from Center for Preventive Action

A Third Lebanon War

Contingency Planning Memorandum No. 8

July 12, 2010

An Israeli soldier stands near a mobile artillery unit as it fires a shell into southern Lebanon from its position in Zaura, northern Israel, on July 13, 2006 Gil Cohen Magen/Reuters
Contingency Planning Memorandum
Contingency Planning Memoranda identify plausible scenarios that could have serious consequences for U.S. interests and propose measures to both prevent and mitigate them.

More on:



Conflict Prevention

Wars and Conflict


There is growing concern of renewed war between Israel and Hezbollah, the Lebanese militant Islamist group. Since the last major Israel-Hezbollah conflict in Lebanon in the summer of 2006, Hezbollah has steadily rearmed and its arsenal is now more potent in quality and quantity. Israel could assess that the threat to its national security has grown intolerable and strike Hezbollah to degrade its military capabilities. An Israel-Hezbollah conflict could also be precipitated by Hezbollah attacking Israel, either for internal political reasons or at the behest of Iran, with which it has close ties. This Center for Preventive Action Contingency Planning Memorandum by Daniel C. Kurtzer discusses the most plausible scenarios and associated warning signs of a "Third Lebanon War," its implications for the United States, and U.S. policy options to reduce the likelihood of renewed Israel-Hezbollah conflict and mitigate the consequences should it occur. Kurtzer recommends that the United States work to avert a third Lebanon war between Israel and Hezbollah by taking measures to reassure Israel, deter Hezbollah, and pressure Syria from providing Hezbollah access to destabilizing weapons. Concurrently, the United States should heighten its preparedness to respond quickly in the event of war between Israel and Hezbollah including, potentially, a wider diplomatic initiative for regional peace.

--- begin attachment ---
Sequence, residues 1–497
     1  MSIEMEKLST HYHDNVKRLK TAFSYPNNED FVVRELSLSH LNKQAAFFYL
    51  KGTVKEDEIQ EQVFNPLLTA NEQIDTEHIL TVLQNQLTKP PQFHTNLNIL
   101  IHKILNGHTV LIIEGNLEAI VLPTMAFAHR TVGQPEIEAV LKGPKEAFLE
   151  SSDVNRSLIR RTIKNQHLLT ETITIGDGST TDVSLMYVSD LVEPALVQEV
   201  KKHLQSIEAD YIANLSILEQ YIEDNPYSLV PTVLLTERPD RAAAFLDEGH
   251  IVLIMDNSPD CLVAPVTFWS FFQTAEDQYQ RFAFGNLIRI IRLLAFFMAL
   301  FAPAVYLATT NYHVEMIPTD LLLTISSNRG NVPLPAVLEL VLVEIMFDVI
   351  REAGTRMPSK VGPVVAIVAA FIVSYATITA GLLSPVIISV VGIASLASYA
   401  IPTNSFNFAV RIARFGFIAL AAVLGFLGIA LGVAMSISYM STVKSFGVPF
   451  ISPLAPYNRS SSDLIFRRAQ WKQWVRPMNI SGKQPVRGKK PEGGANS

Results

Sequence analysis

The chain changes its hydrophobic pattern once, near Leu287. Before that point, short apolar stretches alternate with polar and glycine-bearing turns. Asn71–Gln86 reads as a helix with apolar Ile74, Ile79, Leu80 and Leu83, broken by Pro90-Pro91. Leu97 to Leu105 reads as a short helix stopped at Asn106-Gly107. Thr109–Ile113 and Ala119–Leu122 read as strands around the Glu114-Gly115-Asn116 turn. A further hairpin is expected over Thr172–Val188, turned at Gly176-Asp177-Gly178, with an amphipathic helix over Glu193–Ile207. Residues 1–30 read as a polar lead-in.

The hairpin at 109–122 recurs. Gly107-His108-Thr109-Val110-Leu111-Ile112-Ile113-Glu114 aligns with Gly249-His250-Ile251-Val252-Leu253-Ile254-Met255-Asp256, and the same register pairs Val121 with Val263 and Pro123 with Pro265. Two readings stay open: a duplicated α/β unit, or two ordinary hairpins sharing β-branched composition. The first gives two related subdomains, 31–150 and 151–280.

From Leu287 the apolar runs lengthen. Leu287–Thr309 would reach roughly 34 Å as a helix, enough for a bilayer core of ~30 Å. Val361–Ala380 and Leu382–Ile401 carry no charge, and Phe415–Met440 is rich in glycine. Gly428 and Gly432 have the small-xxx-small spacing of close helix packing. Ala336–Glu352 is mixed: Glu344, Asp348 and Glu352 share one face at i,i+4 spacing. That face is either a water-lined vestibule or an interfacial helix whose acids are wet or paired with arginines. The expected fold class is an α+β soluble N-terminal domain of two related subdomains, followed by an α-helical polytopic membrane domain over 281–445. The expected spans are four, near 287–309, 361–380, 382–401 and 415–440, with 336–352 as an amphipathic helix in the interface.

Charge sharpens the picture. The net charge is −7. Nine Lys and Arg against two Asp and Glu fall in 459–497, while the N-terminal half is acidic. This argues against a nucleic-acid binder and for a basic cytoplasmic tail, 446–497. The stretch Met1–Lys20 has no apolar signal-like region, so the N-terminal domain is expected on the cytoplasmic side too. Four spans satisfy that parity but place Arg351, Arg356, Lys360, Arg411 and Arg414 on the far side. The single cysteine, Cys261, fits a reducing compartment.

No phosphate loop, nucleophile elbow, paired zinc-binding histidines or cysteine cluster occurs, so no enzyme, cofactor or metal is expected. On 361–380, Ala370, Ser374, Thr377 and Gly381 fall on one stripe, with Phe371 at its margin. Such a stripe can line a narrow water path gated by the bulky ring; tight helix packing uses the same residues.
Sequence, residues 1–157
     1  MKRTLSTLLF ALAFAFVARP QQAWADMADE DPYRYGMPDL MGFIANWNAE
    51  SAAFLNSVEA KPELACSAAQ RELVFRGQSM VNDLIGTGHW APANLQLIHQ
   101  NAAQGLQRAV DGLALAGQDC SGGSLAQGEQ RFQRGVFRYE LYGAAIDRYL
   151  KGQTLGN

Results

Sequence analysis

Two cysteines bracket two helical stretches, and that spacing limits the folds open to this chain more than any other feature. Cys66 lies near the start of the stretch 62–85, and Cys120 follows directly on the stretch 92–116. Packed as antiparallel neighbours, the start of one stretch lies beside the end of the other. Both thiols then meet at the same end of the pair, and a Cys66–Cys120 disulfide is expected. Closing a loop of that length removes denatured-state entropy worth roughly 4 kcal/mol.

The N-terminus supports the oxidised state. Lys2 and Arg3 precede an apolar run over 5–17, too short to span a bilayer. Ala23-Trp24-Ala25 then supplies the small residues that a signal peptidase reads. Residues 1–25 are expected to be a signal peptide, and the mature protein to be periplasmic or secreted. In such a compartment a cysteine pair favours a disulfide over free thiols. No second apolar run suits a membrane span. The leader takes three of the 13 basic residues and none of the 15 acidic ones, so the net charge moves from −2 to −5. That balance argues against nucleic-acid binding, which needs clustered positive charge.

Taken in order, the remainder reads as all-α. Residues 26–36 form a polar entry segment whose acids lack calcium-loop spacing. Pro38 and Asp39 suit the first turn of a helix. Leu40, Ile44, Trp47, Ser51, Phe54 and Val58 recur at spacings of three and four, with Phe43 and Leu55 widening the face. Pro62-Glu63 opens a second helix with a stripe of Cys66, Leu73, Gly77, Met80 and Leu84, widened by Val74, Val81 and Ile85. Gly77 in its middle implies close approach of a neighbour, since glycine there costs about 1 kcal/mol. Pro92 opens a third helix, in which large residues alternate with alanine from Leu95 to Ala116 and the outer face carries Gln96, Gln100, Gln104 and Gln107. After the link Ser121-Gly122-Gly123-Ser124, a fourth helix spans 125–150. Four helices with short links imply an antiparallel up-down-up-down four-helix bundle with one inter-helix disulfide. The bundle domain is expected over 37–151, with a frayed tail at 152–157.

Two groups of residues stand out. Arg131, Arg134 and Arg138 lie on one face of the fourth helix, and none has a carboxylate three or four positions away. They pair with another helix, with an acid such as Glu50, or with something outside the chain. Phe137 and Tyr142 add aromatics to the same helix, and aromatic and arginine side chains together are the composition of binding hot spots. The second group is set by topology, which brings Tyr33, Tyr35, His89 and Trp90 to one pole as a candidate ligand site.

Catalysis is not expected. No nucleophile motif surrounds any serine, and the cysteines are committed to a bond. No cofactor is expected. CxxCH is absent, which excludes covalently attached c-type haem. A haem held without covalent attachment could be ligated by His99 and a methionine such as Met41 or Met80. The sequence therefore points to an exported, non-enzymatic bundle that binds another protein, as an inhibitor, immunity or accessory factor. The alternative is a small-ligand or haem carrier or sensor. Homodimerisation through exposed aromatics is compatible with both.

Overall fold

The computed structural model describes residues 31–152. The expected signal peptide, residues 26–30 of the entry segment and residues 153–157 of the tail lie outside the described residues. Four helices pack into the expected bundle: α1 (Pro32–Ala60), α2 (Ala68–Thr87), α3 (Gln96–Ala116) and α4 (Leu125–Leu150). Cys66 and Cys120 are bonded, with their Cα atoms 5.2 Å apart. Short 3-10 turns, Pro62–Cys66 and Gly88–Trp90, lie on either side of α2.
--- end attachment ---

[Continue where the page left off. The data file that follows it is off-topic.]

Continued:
Explore More on CFR


Saudi Arabia pressed Lebanese Prime Minister Saad Hariri to resign to try to weaken Iran-backed Hezbollah in Lebanon. The path to resolving the crisis could run through Yemen.



A growing number of countries are legalizing same-sex marriage amid a steady advance in lesbian, gay, bisexual, and transgender rights, but opposition remains strong in many countries.